Should I Keep Doing These UI Challenges?

Ciera Maddox
4 min readOct 25, 2020


So here I am. Week two of my official job search after graduating from Flatiron School, meeting the needs of my career counselor and optimistically diving head first into these weekly design challenges.

I enjoy them very much, I do, but after reading a blog about the ineffectiveness of UI design challenges by Danny Sapio, my confidence began to waver.

His concerns were primarily in the lack of continuity and sticking-it-out factors that is typically required of the design process. Product designers aren’t simply designing an onboarding sequence and then moving on to an entirely unrelated task on an unrelated project. They move through the process all the way from research to testing, with many stops along the way.

So, no. I’m not sure I want to continue these design challenges but yes, I likely will. After all, I do have to meet the needs of my career counselor. It sure does take a lot of effort to deny the design process and focus only on one standalone piece. Questions about the challenge circle around my brain, why am I designing this? Who are the users? How is this helping anyone?

That said, I turned those questions off and completed another design challenge.

DailyUI gave a really intriguing prompt that I thought I would go for.

The Challenge

“Design a music player. Consider the controls, placements, imagery such as the artist or album cover, etc. Also, consider the device type that’s playing the music. A dashboard in a tourbus, a smartwatch, or via a web browser. Each device type will have different requirements, features, and restrictions to consider.”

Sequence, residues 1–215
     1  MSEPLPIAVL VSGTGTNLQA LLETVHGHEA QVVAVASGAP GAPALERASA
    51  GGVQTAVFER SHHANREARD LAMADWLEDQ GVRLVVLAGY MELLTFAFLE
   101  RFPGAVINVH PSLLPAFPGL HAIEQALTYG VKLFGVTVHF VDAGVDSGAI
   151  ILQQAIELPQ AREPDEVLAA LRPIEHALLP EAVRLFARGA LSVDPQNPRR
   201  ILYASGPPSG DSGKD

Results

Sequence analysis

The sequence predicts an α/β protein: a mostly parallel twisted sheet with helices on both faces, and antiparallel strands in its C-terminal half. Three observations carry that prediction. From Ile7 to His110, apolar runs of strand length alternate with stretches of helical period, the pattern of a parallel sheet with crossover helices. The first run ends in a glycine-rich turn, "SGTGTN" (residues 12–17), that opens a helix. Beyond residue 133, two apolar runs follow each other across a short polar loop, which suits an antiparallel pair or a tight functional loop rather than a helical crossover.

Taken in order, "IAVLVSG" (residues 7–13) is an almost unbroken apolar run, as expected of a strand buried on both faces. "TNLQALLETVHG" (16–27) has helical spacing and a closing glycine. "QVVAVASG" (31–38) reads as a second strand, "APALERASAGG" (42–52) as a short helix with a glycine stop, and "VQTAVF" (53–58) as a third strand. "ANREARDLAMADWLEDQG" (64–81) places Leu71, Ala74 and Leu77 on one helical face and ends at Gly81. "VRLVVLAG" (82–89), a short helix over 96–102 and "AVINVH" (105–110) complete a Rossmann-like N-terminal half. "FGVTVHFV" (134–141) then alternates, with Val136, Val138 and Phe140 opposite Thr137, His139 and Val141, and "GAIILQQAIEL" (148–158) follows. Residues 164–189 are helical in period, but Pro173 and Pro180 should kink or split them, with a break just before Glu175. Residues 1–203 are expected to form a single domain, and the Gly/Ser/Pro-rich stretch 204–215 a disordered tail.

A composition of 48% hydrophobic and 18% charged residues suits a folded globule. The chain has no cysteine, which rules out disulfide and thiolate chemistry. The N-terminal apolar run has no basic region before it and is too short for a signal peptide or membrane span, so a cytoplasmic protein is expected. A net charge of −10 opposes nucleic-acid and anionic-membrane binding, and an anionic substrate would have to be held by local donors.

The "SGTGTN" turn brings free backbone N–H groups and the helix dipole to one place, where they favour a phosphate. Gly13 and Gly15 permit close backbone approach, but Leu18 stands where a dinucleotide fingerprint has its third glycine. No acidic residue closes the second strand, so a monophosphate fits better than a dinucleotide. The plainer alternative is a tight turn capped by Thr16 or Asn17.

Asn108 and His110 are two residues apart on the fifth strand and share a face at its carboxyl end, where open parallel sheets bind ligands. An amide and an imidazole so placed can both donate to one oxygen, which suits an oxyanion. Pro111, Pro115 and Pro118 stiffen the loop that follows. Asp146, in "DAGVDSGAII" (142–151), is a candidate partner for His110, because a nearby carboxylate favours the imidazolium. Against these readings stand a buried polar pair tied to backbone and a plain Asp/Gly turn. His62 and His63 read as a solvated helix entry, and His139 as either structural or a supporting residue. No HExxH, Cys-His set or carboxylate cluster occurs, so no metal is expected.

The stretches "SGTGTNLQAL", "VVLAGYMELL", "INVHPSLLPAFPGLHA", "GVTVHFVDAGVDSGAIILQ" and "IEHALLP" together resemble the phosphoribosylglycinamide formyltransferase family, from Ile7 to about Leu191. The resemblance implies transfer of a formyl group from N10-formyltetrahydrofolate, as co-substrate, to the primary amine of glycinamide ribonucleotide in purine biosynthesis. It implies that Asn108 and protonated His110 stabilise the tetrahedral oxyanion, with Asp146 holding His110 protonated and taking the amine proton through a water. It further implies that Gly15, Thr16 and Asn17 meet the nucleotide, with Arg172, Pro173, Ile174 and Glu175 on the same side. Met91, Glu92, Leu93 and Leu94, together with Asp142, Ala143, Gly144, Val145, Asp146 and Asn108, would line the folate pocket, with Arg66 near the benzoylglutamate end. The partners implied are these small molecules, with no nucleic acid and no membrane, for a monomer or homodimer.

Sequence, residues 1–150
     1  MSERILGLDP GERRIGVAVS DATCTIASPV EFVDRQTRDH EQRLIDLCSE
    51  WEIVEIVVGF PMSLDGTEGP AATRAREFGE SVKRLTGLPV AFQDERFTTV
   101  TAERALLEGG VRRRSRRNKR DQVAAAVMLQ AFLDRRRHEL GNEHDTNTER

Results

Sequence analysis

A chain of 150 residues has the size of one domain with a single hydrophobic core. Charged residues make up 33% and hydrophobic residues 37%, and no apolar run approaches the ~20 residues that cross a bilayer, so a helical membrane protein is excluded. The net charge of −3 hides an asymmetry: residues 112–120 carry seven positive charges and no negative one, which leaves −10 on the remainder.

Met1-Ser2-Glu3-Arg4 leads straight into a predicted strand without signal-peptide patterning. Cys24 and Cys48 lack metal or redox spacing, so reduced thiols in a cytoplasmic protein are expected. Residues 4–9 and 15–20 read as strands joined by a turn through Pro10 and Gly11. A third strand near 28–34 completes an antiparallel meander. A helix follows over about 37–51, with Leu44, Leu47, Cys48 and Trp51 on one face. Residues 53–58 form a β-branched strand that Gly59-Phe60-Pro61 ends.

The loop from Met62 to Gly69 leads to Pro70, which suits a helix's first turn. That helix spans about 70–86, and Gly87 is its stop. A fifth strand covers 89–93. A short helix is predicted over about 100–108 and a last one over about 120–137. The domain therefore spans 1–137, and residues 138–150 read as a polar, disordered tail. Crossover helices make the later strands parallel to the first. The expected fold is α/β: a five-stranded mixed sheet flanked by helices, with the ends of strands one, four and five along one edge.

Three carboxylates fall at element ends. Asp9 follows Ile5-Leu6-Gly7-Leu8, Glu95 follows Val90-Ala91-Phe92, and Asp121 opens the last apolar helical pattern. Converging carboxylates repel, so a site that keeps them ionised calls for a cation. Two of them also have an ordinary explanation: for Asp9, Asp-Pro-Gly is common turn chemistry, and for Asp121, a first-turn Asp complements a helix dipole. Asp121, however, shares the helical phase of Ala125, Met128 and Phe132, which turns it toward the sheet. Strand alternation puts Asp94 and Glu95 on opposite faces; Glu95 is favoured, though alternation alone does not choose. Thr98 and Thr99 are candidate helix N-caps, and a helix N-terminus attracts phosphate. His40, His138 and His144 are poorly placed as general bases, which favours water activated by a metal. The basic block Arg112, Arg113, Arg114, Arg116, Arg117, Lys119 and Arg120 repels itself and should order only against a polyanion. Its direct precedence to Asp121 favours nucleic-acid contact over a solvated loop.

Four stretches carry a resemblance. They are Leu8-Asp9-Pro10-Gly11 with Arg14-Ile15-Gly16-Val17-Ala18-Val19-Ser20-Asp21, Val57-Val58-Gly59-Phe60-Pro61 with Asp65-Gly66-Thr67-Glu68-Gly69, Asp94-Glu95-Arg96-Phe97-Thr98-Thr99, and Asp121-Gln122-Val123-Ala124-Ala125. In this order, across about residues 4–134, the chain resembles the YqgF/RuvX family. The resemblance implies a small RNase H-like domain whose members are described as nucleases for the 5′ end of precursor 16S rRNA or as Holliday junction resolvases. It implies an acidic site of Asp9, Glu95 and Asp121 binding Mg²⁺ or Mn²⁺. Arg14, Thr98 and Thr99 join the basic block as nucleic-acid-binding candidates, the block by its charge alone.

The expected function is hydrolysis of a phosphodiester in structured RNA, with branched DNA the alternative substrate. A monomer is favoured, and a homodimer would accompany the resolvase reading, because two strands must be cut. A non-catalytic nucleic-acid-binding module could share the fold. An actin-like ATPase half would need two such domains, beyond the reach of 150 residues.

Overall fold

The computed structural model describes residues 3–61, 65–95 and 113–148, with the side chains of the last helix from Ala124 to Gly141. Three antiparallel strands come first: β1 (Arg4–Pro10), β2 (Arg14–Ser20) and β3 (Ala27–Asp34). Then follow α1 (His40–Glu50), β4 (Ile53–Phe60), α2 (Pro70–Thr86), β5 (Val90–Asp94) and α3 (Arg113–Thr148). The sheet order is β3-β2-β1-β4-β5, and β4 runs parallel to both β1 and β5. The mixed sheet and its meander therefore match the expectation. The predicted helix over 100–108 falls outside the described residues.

This may come as a surprise, so brace yourselves — I love music. Most of my life is spent listening to some form of it. It was a pretty fundamental part of my upbringing and big part of my identity. I spent countless hours perusing through record shops, writing on the backs of my hands the names of bands I planned on checking out, going to local shows any chance I could get.

Empire Records

What fascinates me most is how technology has impacted the way music is accessed. Now you can find bands similar to the ones you already like with the click of a button, or better yet, automatically added to playlists. I mean, hardly any work goes into finding music now. It’s both devastating and amazing at the same time.

Spotify’s Tailored Recommendations

I use many different digital music players and have no qualms with them. In fact, I’ve grown quite fond of their basic layout and organization, so when I was tasked with thinking up innovative ways of reinventing music players I was stumped. So rather than reinventing, I thought I would toy with the idea of throwing it back and paying tribute to the 16 year old version of myself.

Or at the very least, try.

Sketch It Out

As always, I took the ol’ pen and paper approach to ideation and came up with some concepts marrying digital music platforms and brick and mortar record shops.

Playing With Color

I couldn’t settle on just one color palette, so I played around with peach/pink, deep blue/mustard yellow and bright blue/green/yellow.

Mood boards: Peach | Cerulean | Lime

Early Concepting

First Attempt At Record Bins

As it turned out, the idea I had didn’t visually translate well. Instead of forcing something that didn’t feel right. Perhaps I can spend more time developing this concept, because I really like the idea. I just need to work on executing it properly. The reality is, this is a UI challenge, and I am once again swerving into UX territory. That certainly isn’t a bad thing, but for the purpose of this challenge, I thought perhaps I should channel that energy into the visual design.